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What's Old is New Again - Revisiting Knott's Berry Farm
December, 2009 - Issue #62
I think I was in first grade the first time I visited Knott's Berry Farm. My dad took me as a reward for my grades in school. We rode the Log Ride, ate sugary snacks and toted around large stuffed animals my dad won on the midway.

Things have come full circle. Almost.
My wife April and I made the pilgrimage to Buena Park with our four kids recently to recognize their own academic achievements.

We too rode the Log Ride and ate sugary snacks. But there were no midway games as part of our day. I would need reconstructive shoulder surgery if I tried throwing enough baseballs to win a prize for each of the kids.

Knott's has, of course, evolved in the three decades since I first had fun there. The venerable parachute ride has given way to bigger thrills like Supreme Scream and Xcelerator. But the things that make Knott's so charming are still there.

Where else can you ride in an authentic stage coach, then climb aboard a working steam engine? We did both, and the kids were a little jumpy on the train after braving cheesy jokes and gunplay that highlight the Wild West Stunt Show.

They were rigid, with their hands in the air when the train robbers made their way down the aisle and ordered everyone to reach for the sky. Fortunately, we weren't high on their list of priorities. "They don't have any money," one of the robbers said to his partner. "Look how many kids they have."

The other thing that made the kids nervous was the Log Ride. They were full of questions as we piled into our log, Drew and Laurel in front, with Brooke and I in the back. I knew the big drop at the end would give them a scare. But I had no idea the dioramas of forest creatures and busy lumbermen would creep them out. But after passing through the first tunnel, Drew clapped his hands over his ears and ducked for cover in the log.

"It was really scary," he reported to April after riding, and Brooke confirmed his assessment. Later, all three said it was their favorite ride.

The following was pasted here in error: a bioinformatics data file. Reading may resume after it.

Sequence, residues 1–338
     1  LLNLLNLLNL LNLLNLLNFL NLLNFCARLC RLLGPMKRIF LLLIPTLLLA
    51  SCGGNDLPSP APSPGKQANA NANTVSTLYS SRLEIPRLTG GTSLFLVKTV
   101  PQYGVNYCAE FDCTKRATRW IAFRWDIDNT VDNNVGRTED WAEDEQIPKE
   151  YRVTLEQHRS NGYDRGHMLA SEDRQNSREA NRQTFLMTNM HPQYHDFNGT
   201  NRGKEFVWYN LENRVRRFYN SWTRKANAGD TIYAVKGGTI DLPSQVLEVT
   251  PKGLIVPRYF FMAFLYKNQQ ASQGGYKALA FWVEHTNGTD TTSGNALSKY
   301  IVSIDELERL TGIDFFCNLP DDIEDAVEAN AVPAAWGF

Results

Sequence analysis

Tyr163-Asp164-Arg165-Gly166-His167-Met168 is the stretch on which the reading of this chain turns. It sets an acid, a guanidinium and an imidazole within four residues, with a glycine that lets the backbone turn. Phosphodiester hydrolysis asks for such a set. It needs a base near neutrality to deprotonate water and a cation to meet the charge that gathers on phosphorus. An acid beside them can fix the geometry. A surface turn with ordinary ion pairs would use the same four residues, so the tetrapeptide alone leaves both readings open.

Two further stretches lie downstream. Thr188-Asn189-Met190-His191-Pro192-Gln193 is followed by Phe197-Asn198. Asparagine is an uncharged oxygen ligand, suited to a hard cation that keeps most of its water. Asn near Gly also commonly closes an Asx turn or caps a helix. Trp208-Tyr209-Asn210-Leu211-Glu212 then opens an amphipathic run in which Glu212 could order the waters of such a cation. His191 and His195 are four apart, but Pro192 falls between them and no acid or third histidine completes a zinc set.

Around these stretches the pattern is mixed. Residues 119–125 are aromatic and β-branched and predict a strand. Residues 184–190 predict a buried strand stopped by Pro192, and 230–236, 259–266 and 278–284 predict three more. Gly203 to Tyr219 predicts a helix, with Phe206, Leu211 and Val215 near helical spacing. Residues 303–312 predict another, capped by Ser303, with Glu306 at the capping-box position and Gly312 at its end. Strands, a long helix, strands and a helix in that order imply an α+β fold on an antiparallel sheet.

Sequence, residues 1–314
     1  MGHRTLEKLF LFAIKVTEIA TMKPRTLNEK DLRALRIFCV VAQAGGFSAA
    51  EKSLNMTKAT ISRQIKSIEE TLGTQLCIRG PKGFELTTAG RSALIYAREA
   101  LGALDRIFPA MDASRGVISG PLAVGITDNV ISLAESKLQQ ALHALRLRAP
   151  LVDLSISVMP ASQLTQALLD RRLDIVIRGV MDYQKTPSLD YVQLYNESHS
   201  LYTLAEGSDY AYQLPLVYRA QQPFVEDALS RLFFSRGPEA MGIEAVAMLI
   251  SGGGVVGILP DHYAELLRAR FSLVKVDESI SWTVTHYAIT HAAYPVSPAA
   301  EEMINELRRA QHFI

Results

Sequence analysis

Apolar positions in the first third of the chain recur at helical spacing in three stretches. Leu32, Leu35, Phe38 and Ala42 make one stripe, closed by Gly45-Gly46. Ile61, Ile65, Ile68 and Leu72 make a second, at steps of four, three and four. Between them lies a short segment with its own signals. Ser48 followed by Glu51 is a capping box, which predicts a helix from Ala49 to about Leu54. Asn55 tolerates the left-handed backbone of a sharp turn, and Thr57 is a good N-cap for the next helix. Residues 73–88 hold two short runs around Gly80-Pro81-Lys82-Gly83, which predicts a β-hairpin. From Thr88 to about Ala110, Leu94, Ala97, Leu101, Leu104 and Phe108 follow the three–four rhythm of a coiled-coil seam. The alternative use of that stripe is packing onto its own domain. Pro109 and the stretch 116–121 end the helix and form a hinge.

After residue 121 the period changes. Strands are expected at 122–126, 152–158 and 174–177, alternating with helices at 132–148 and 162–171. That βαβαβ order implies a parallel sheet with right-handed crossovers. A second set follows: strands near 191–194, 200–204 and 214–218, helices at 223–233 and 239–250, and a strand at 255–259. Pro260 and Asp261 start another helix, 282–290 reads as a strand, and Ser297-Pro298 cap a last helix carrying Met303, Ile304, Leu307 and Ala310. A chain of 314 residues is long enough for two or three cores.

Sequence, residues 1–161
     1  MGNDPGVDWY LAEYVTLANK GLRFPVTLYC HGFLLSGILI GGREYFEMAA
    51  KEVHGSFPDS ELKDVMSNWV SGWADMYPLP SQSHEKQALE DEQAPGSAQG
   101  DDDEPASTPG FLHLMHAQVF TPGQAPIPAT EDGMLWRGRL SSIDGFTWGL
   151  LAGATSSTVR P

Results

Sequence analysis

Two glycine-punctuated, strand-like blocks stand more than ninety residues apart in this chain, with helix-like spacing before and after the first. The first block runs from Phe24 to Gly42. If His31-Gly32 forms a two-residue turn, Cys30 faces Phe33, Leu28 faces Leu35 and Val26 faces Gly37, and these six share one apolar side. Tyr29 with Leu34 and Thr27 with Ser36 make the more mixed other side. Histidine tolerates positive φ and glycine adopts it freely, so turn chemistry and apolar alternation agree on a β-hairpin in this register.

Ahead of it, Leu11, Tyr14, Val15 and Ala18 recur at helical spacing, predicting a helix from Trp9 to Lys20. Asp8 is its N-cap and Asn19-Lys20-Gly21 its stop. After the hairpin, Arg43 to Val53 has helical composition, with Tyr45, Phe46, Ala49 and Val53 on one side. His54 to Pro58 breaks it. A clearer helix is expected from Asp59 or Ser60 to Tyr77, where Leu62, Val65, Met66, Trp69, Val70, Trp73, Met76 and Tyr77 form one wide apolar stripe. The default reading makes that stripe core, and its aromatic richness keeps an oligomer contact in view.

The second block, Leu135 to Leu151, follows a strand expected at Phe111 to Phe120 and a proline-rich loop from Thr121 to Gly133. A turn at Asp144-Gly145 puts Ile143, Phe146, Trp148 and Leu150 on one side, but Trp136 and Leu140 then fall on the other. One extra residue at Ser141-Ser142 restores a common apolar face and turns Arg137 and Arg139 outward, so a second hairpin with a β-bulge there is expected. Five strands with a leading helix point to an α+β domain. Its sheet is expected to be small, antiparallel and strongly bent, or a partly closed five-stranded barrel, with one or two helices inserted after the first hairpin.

What scared me was Ghostrider, a towering, old-fashioned wooden roller coaster on steroids. Laurel and I sat in the very back seat. And although she was tall enough to ride, she was so skinny that the lap bar and seat belt stopped short of being tight on her. I wrapped her in my best fatherly grasp as we hurtled down the first hill and didn't let go. She was barely visible in the picture snapped by the automatic cameras. It showed a terrified father putting a headlock on what looks to be a wisp of hair.

Camp Snoopy, the kid-focused area of Knott's, was the highlight of the day. Even little Amber was able to go on some rides. We went straight there after arriving at the park and the older three rode most everything. It seemed that the more boring Mommy and Daddy thought the ride was, the more they liked it. At the end of the day, the last ride they just had to do again was Huff and Puff. That's the one where you ride in your own mini mine cart and you have to push and pull on the bar to propel yourself around the short track.

Fortunately that ride doesn't come in a grown-up version. I was already exhausted from a full day at Knott's as we headed for the exit. Like the kids, the fun and excitement had worn me out.

Things had come full circle again.
Eric Harnish lives in Newhall.

A Day at the Park
Knott's Berry Farm

714-220-5200 www.knotts.com

Parking: Autos, $12; buses and RVs, $17

Admission: See website for latest
prices and special offers.

Getting There: Head south on Interstate 5. Exit Beach Boulevard. Turn right. Continue three blocks south to park.
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